DNA analysis unlocks students' pasts
For most of her life, Georgia State doctoral student Erin Harper thought of herself as African-American with French ancestry.
But through a DNA analysis project in her biopsychology class last spring, Harper learned her ancestors traveled out of east Africa, through Asia and over the Bering land bridge to what is now North America, a lineage often carried by Eskimos.
“My family and I were in disbelief, and kind of amused,” Harper said. “We were like, ‘Eskimos, what?’ But it made me want to know more and dig even deeper into my ancestry.”
Harper is not alone. Many Georgia State students who participated in the project had similar reactions when they received answers to such basic human questions as, “Who am I?” and “How did I get to where I am today?”
Next week, biopsychology professor Scott Decker will invite a new class of students to participate in the project and learn about their collective ancestry. The exercise not only teaches students the complexities of DNA, evolution and human migration, but it also can change their perspective on race, Decker says.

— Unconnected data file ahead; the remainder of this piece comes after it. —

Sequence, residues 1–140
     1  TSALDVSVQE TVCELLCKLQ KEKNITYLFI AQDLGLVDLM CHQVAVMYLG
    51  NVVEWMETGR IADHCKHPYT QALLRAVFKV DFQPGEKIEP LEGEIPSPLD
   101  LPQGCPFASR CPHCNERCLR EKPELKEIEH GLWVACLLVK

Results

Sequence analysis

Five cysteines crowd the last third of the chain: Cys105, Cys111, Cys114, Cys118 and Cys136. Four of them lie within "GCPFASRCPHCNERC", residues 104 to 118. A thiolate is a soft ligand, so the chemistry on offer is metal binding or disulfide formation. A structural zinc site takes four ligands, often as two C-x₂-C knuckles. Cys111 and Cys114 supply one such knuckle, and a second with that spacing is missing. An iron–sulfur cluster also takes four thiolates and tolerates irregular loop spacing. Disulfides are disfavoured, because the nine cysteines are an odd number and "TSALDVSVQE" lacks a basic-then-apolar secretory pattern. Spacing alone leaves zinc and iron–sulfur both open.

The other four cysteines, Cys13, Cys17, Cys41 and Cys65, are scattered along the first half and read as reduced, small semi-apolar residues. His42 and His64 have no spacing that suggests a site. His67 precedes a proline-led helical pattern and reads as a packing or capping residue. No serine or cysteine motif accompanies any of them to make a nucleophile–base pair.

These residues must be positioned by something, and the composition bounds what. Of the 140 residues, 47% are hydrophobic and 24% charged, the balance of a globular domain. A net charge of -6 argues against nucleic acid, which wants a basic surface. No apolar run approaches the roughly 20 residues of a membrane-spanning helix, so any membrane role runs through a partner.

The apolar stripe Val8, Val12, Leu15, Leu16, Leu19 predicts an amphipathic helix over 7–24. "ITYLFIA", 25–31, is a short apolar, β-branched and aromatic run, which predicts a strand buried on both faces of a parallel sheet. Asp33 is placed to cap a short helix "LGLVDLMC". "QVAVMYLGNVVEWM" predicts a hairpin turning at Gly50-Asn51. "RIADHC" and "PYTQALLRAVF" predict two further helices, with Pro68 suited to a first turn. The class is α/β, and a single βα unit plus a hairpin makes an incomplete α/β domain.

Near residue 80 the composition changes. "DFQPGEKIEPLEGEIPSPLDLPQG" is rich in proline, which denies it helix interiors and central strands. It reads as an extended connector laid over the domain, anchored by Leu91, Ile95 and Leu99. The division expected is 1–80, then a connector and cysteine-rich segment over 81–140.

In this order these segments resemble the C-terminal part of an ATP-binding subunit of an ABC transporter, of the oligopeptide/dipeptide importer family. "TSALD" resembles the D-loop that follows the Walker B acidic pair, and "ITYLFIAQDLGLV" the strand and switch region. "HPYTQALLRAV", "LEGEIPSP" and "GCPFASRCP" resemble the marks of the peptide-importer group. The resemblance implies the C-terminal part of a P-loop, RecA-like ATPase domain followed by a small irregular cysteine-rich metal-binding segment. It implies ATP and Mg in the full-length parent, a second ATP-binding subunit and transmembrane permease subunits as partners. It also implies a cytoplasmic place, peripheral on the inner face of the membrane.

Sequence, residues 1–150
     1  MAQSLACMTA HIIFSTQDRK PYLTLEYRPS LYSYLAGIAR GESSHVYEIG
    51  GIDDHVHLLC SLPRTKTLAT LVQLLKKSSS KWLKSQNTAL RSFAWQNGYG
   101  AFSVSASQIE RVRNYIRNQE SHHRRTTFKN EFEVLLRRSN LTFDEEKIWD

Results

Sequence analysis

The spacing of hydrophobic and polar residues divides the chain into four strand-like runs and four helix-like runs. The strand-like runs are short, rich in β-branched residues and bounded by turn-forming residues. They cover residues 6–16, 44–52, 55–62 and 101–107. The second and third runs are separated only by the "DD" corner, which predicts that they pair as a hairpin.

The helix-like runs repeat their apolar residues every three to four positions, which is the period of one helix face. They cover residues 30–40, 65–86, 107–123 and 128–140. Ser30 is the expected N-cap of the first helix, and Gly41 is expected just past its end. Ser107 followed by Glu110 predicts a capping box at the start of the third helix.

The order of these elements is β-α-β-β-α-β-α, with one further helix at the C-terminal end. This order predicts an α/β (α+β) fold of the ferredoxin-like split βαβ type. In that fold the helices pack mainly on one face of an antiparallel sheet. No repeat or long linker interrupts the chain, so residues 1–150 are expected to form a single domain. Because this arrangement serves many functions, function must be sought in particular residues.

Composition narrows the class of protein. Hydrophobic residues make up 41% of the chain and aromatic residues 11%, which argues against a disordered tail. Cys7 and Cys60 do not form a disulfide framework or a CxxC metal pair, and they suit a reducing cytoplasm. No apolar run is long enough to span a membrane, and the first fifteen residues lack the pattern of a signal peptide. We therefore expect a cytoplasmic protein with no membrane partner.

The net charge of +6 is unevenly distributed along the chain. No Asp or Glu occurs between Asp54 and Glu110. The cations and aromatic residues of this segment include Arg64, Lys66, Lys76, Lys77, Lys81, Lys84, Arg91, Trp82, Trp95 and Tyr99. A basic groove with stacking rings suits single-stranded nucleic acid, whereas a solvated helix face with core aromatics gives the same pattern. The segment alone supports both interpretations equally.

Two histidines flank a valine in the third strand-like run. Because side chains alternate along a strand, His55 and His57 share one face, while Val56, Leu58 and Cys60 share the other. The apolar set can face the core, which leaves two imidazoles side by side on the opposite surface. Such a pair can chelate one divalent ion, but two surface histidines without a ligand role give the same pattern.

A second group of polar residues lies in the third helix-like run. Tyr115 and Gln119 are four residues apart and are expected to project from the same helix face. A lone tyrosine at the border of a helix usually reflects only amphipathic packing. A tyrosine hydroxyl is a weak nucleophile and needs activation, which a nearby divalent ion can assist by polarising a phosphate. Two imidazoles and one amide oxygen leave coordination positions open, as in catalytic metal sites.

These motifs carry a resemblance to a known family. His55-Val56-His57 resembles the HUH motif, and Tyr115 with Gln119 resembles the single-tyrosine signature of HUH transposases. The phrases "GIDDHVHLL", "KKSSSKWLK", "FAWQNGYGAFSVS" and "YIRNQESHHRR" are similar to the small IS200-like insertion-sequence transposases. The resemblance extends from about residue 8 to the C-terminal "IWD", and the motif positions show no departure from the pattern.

“What this project says is, ‘Race doesn’t exist,’” he said. “Any observable differences between us are climatic adaptations. We all have the same emotions, thoughts and decision-making processes.”
Using a DNA collection kit, Decker’s students will scrape their cheek cells and send samples to be compared against the largest DNA database studying human migration ever assembled.
Launched in 2005, National Geographic and IBM are collecting and analyzing DNA from people across the globe for their Genographic Project, which attempts to fill in the gaps in the knowledge of how the human species migrated out of Africa to populate the planet.
Once students get their results and learn their genetic journey, they will research the paths their ancestors took and reflect on how it compares to what they know about their personal histories. The students’ DNA will be voluntarily submitted to the Genographic Project, adding another piece to the puzzle of human migration. Decker will also use his students’ reactions in his research on how genetic results impact views of race.
“By giving students this information – tangible evidence – it changes their attitudes on diversity,” Decker said. “It brings history to life.”
Source: Georgia State University